The Countryside Alliance has concerns about some of the measures the Home Office intends to bring forward as part of the Offensive Weapons Bill.

While we await the detail, the Home Office has announced headline intentions to restrict the purchasing and possession of knives and certain types of firearm which may have unintended consequences for the rural community if the measures are imprecisely drafted.

The Home Office press release outlining the proposed measures can be found here

Any measure to stop knives being delivered to residential addresses will disproportionately affect the rural community, who have less access to proposed collection points and also have a diverse range of legitimate uses for specialist knives that can often only be readily sourced online.

A ban on the possession of knives on further education premises would have clear implications for land based campuses, on which knives are used on a daily basis to deliver education in subjects such as agriculture, horticulture, countryside management and conservation.

The Alliance raised both of these issues in our response to the Home Office Consultation, and we hope our concerns will be addressed in the detail of this Bill when it is made public.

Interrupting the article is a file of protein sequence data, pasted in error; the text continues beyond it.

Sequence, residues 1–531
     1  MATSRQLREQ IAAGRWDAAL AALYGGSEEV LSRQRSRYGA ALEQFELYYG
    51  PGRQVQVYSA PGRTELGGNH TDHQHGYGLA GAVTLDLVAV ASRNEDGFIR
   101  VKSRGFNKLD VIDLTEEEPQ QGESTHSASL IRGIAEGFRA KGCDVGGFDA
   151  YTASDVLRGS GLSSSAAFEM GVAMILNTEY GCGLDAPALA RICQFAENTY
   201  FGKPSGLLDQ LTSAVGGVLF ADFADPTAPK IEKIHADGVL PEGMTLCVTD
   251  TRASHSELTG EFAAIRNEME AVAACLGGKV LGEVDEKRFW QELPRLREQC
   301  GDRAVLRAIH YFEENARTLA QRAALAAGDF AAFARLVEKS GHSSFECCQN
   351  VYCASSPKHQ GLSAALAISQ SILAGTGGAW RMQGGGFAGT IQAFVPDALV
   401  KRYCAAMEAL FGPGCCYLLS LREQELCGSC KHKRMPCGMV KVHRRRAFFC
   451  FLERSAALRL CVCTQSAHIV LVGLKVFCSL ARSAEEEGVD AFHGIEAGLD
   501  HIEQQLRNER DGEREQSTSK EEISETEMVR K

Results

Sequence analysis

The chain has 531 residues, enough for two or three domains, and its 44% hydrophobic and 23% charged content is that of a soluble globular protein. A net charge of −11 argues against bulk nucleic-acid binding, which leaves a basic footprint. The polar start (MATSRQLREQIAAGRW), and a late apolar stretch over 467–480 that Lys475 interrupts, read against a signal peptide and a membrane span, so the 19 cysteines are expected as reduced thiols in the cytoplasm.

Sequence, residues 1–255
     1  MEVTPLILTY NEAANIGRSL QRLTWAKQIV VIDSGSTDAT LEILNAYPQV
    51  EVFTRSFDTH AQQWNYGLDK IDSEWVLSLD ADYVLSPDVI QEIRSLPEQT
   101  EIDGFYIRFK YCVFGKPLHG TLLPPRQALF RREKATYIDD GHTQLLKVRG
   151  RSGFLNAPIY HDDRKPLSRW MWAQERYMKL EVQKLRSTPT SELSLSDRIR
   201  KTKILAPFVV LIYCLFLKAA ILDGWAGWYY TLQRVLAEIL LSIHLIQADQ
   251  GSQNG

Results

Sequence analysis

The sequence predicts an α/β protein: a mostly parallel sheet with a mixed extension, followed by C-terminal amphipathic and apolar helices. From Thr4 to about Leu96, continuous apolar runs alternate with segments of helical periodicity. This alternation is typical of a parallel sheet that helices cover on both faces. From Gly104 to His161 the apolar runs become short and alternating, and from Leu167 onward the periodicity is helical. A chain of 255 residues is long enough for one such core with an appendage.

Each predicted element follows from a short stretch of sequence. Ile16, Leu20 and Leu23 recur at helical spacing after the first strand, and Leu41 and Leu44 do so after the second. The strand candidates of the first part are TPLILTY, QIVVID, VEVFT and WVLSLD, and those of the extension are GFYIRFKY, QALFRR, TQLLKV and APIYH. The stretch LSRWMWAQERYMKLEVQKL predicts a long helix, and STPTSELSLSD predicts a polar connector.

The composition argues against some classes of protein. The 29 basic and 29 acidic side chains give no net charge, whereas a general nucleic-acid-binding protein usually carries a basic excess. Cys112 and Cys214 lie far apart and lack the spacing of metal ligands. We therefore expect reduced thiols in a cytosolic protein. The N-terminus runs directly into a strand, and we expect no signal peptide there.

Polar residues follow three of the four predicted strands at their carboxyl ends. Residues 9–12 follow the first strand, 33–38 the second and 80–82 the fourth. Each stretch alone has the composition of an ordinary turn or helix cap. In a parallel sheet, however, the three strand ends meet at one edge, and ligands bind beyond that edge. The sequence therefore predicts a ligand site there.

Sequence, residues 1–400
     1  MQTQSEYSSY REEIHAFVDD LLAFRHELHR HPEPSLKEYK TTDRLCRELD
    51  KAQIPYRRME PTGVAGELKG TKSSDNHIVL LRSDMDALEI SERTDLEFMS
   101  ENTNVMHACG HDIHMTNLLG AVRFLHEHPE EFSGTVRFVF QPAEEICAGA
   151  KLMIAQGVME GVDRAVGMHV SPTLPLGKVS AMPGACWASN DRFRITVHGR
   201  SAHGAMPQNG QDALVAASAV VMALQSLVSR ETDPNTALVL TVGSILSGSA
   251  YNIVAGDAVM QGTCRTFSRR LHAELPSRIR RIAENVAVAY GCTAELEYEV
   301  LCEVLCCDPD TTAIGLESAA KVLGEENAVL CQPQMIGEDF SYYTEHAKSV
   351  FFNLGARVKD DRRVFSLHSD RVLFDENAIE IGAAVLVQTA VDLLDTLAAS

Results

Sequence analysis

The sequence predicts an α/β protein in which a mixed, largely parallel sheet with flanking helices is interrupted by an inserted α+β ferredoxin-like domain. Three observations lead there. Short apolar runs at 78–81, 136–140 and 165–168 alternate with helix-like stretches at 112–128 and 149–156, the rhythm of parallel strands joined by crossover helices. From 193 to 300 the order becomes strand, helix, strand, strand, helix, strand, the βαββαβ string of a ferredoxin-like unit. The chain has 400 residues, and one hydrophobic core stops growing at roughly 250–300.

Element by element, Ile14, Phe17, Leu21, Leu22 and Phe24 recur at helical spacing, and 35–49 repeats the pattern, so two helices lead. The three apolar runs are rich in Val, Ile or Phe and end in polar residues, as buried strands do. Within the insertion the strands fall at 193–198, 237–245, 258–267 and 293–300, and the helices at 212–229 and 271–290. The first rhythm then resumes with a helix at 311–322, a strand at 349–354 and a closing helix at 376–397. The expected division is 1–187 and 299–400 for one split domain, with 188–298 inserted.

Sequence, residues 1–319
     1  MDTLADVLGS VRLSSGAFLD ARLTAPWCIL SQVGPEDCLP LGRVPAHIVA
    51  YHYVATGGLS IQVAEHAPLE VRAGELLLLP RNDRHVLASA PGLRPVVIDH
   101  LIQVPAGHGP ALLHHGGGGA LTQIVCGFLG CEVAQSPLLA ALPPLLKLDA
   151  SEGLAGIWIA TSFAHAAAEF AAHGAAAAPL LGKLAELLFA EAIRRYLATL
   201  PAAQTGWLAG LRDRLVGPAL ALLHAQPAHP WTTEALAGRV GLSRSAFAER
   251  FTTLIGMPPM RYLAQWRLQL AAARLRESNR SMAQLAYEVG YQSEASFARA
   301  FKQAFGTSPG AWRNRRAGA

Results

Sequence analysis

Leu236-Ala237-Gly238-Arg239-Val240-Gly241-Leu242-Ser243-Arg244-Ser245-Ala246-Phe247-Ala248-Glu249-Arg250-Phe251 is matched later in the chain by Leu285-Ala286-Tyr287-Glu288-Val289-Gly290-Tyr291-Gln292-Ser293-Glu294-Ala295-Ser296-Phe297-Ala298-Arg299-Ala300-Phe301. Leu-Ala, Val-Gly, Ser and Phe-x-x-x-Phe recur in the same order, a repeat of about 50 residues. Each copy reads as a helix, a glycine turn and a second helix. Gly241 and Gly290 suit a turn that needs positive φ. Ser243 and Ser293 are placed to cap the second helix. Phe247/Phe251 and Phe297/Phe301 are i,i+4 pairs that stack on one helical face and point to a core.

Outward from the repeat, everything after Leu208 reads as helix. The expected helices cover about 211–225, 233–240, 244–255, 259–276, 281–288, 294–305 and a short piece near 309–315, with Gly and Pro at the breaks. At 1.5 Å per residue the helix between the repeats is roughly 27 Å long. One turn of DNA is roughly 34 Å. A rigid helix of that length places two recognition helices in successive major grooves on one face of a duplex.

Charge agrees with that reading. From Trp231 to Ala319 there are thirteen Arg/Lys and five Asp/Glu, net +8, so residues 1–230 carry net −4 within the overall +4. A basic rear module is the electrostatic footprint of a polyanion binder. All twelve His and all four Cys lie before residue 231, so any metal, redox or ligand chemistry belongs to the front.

Similarly, the Alliance were vocal in our concerns over proposals to restrict .50 calibre rifles and “rapid fire rifles”. Representatives from the Alliance met with the Home Officer Minister to point out the complexity of firearms and the risks inherent in badly worded legislation.

We highlighted the diverse range of .50 calibre firearms that exist and the need for any future legislation to be precise to avoid inadvertently affecting the hunting and stalking community. The Minister accepted the need to ensure that lawful stalking and pest control were able to continue unaffected which included the need to clearly define the proposals to ensure there were no unintended consequences of any change in the law. To that end the Minister gave an assurance that the Home Office would produce clear definitions and guidelines before any new restrictions of large or rapid-fire rifles were introduced.

The Alliance now waits to see whether these assurances have been carried forward into this proposed Offensive Weapons Bill.